- New home prices unchanged month-on-month in March
- Price growth flat on month for second time in a row
- New home prices grew at slowest pace in six years
BEIJING, April 15 (Reuters) - China's new housing prices fell again in March compared to the previous month, according to government estimates on Friday, indicating that demand was less robust as the increasing COVID-19 lockdown measures weakened consumer confidence.
For the second time in a row, average new house prices in 70 major cities were unchanged on a month-on-month basis, according to Reuters estimates based on March data from the National Bureau of Statistics (NBS).
New home prices increased by 1.6 percent on a year-on-year basis, the lowest rate since November 2015, and decreased by 2.2 percent in February.
After a government campaign to reduce developers' high debt levels put the sector in a serious slump in the second half of 2021, more than 60 cities have reduced curbs on home purchases to support the struggling property market.
Since March, banks in over 100 Chinese cities have reduced mortgage rates by about 20 to 60 basis points, according to a central bank official.
In many towns, a spike in the cases of the highly transmitsible Omicron variant and strict virus lockdown measures have cooled demand.
Prices increased by 0.4 percent in tier-one cities during the month, down from a 0.5% increase in February, while growth in tier-two cities was zero.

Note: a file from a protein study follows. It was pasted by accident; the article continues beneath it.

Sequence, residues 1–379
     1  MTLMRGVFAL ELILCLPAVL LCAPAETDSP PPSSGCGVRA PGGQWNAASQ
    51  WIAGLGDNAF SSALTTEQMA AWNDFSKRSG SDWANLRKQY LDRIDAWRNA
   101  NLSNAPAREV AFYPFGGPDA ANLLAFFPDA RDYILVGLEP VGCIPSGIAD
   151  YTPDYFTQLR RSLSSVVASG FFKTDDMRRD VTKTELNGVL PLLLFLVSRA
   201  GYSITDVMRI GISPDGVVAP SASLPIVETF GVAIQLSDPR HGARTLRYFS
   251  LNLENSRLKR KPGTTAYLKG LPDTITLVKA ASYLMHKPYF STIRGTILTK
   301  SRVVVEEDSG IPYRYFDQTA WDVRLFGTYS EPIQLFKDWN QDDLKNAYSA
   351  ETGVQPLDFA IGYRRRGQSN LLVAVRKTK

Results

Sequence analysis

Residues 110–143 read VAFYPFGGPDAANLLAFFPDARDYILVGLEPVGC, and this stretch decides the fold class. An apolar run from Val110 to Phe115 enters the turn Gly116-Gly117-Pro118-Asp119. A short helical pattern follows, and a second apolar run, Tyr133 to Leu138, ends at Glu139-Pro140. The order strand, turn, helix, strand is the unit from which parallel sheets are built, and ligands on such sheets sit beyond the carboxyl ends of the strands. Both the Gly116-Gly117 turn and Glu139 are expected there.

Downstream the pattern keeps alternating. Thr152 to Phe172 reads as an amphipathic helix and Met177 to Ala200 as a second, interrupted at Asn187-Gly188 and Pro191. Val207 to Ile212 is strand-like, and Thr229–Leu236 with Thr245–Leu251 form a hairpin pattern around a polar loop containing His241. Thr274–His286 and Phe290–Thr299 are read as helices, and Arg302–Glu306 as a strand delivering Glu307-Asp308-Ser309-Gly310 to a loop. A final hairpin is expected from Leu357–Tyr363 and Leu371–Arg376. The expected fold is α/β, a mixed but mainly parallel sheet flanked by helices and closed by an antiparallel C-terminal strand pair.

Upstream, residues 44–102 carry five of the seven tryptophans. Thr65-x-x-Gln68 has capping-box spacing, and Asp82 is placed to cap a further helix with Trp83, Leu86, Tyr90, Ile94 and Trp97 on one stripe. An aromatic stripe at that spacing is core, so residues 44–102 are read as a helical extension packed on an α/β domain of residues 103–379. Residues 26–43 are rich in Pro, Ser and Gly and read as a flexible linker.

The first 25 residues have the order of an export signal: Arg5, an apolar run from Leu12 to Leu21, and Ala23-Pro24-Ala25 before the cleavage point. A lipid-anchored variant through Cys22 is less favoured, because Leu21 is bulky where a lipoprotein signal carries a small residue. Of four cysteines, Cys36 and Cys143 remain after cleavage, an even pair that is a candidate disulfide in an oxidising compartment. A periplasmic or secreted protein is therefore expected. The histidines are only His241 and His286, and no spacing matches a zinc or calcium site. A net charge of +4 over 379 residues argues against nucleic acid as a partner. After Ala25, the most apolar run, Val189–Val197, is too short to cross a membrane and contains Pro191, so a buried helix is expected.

"The decrease in growth in first-tier cities in March was mainly caused by the COVID epidemic, indicating lower market expectations," said analyst Xu Xiaole of Beike Research Institute.
More cities are likely to reduce property restrictions in the near future, and demand will be gradually released, according to Xu.
The property market in Shanghai's commercial district has slowed, with home prices climbing at their lowest pace in four months, at 0.3 percent month on month.
Shanghai is in the midst of China's worst outbreak since the virus was detected in Wuhan in late 2018, with more than 20,000 cases every day. Dozens of more cities are in a partial or full lockdown.
According to Lu Wenxi of Centaline, Shanghai's price growth does not imply the entire market situation.
"In April, the rise in new house prices in Shanghai will continue to fall," Lu said.
Yicai said that transactions by the value of newly built homes in Shanghai fell by 27% from a month earlier to $36.2 billion yuan ($5.68 billion) in March.
On Wednesday, China's State Council or Cabinet said additional policy measures would be needed to support the economy, but analysts are doubtful if interest rate cuts would swiftly reverse the slump as long as the government maintains its zero tolerance COVID-19 policy.
According to Nomura's client note, new property sales by volume in 30 cities surveyed by Wind fell 50.5 percent year on year in April.
($1 = 6.3739 Chinese yuan renminbi)